To remedy this disconnect, AWS released a public roadmap for CloudFormation. Also, AWS chief evangelist Jeff Barr posted a mea culpa to explain that AWS has focused the bulk of its effort on scalability rather than ensuring that all services on the platform are supported by CloudFormation. It's an imbalance the company is working to correct, Barr said.
However, this feature lag might not have been felt by enterprise AWS users. Jim Mercer, an analyst at IDC, said he hasn't heard of any complaints about CloudFormation from clients. Chris Gardner, analyst at Forrester, reported much the same.
AWS CloudFormation vs. Terraform
While it's unclear how much feature lag has impacted usage, it's certainly the case that many organizations have opted to go with third-party alternatives such as Terraform instead. There are several reasons for this, but the biggest one is that CloudFormation only works on AWS.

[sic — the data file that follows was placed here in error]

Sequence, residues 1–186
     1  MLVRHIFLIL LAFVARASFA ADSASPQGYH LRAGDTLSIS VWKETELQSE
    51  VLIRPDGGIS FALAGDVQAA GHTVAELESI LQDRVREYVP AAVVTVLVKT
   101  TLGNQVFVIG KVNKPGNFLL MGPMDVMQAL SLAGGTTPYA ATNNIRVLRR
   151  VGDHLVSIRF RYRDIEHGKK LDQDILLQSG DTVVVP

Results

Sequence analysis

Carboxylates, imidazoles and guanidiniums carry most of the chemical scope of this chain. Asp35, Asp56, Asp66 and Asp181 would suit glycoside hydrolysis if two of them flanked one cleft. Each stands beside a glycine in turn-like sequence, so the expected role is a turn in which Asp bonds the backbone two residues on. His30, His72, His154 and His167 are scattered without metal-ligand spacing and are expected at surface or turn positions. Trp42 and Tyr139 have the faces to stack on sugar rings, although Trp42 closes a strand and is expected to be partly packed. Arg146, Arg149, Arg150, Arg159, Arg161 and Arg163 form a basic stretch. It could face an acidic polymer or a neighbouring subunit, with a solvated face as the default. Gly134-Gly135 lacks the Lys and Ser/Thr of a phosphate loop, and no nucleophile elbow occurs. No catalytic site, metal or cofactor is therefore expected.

"Most clients I speak to are using multiple public clouds and for that, Terraform is better because it's cloud-agnostic," Forrester's Gardner said.
When you compare the AWS IaC tool with Terraform, each one has its strengths. For example, it's easier to add and replace resources in a stack with Terraform, and its planning feature provides details on exactly what will change, said Mark Runyon, principal consultant at Improving - Atlanta.
Users should go with CloudFormation for smaller projects that need to get up and running quickly, since the JSON and YAML code formatting are generally easier to work with [than Terraform's domain-specific language], Runyon said.
Where AWS IaC goes from here
The public roadmap is a good step for the future of CloudFormation, but it may not address the larger problem with the service.* CloudFormation relies on what is really a templating language, not a scripting or application programming language, Quint said. And as stacks get more complex and require more flexible automation, users need to perform basic logic and variable manipulation within these IaC templates. This functionality, which requires more of an application programming language, would also cut down on the number of lines of code and make the stack less error-prone, he added.